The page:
NIMHD Community Health and Population Sciences Feature Articles

Read about several NIMHD-supported community-based programs to promote health and prevent disease in diverse minority and populations experiencing health disparities.

In Harlem, the Apollo Theater marquee says Learn more about covid-19 vaccines, visit

Telling Vaccine Stories: NYC CEAL

The #Vax4Community campaign works with local storytellers to produce videos about COVID-19 vaccines that captivate because they capture what people really experience.

NIMHD Director Dr. Pérez-Stable, NIH Acting Director Dr. Tabak, HHS Secretary Becerra, Congressional leaders with President Biden signing the John Lewis NIMHD Research Endowment Revitalization Act of 2021

President Biden Signs NIMHD Revitalization Act

The John Lewis NIMHD Research Endowment Revitalization Act of 2021 expands eligibility for the NIMHD REP, which provides funds to academic institutions’ endowments to help build research infrastructure and recruit, train, and maintain a diverse student body and faculty.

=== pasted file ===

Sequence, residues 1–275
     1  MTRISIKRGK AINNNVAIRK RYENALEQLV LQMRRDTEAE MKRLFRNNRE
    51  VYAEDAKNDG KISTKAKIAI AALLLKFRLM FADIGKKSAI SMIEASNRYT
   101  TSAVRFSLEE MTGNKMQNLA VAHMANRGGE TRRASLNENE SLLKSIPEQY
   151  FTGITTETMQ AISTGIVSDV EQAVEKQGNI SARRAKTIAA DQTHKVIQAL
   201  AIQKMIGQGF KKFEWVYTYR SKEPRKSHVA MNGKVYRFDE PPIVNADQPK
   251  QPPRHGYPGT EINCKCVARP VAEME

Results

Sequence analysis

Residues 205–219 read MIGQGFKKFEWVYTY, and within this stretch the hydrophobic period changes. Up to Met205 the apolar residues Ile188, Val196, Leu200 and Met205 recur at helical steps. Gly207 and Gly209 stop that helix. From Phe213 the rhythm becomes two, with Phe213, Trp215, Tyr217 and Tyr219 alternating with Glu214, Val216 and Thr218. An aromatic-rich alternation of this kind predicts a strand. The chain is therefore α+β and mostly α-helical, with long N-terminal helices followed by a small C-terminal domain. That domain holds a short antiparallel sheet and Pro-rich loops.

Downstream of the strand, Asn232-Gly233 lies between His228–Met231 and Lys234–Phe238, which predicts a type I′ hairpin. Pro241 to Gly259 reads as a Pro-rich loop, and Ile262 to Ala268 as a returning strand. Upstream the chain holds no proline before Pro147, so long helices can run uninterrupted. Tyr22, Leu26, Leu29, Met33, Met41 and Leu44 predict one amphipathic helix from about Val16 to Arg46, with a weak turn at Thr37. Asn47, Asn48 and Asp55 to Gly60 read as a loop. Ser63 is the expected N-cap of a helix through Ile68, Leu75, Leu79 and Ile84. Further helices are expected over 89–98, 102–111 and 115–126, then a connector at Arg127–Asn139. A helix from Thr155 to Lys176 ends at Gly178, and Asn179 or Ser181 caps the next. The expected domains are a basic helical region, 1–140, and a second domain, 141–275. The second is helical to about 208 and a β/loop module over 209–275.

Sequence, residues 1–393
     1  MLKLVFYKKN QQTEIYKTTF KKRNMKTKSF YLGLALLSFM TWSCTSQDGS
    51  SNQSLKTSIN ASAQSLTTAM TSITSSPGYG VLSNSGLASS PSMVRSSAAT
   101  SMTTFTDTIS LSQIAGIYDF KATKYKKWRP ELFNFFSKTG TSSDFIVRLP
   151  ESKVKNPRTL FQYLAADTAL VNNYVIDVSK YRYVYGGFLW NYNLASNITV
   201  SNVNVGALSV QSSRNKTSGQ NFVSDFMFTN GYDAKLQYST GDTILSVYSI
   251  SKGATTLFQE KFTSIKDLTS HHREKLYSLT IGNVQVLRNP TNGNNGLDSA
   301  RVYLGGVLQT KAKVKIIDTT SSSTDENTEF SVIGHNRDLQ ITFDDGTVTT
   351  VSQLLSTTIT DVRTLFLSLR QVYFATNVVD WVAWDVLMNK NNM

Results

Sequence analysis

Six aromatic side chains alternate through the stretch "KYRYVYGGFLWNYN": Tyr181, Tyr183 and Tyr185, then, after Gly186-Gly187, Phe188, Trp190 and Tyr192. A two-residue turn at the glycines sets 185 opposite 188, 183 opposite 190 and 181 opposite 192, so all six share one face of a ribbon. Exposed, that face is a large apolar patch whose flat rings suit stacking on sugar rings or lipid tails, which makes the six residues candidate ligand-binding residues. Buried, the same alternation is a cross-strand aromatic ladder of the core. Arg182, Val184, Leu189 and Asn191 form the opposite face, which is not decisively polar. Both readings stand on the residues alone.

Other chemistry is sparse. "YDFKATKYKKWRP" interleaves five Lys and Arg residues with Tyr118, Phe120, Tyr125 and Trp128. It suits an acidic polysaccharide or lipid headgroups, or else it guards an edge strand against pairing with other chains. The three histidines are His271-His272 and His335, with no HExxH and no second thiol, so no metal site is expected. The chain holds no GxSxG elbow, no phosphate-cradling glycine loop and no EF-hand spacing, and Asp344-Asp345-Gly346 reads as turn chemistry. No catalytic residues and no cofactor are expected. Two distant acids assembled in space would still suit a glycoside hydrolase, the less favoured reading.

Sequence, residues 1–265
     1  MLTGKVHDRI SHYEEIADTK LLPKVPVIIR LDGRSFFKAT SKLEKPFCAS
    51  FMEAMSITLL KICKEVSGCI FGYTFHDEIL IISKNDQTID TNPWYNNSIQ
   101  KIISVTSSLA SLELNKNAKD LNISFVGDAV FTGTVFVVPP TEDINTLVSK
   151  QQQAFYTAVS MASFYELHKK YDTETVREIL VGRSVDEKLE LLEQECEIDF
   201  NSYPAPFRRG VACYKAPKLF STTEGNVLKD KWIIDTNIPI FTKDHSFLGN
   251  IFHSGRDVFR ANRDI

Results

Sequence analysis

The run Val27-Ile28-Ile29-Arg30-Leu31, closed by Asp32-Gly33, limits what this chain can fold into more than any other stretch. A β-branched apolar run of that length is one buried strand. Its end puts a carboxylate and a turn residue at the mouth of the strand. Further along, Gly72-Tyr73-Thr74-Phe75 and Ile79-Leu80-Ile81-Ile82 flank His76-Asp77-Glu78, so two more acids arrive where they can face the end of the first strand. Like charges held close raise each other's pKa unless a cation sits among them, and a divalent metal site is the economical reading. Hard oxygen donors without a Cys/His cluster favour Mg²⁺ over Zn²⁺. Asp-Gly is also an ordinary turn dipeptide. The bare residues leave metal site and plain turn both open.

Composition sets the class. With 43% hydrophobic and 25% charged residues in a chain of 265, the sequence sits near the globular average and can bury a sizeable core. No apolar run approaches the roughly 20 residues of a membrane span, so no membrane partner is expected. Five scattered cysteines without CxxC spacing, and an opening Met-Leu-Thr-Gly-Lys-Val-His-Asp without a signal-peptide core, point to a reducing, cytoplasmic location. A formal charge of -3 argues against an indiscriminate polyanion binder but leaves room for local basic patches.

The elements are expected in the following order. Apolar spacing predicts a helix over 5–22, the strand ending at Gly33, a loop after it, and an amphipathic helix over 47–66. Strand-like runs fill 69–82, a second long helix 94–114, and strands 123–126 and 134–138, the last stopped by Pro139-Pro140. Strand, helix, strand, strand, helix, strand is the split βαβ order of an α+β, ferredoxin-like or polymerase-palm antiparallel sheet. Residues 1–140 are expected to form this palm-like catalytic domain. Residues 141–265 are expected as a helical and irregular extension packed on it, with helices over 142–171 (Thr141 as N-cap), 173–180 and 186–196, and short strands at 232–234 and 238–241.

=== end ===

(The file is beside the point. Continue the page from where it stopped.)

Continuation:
A woman picks up a COVID home test kit at an outdoor event at Philippi Missionary Baptist Church in Simpson, a community partner in Pitt County (NC)

Communities Say “Yes!” to COVID Tests

The Say Yes! COVID Test initiative provided communities in five states with free at-home testing kits to combat the silent spread of COVID-19 and explore the role of frequent home tests in reducing infections. Photo courtesy of Eveangel H. Savage, Ph.D.

NIH on Minority Health and Health Disparities

NIMHD Workshop Explores the Impact of Work on Health Disparities

The National Institute on Minority Health and Health Disparities (NIMHD) hosted a two-day online workshop, “The Role of Work in Health Disparities in the United States,” to understand and address the role of work as a social determinant that contributes to health disparities.

Jonathan I. Levy, Sc.D.(l), and Francine Laden, Sc.D. (r)

When It Comes to Your Health, Location Matters

A study in Massachusetts has found that concentrations of two air pollutants, nitrogen dioxide and fine particulate matter, decreased significantly between 2003 and 2010, but African Americans and Hispanics living in the city continued to be exposed to a greater share of the pollutants than other racial and ethnic groups were.

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Page updated July 10, 2024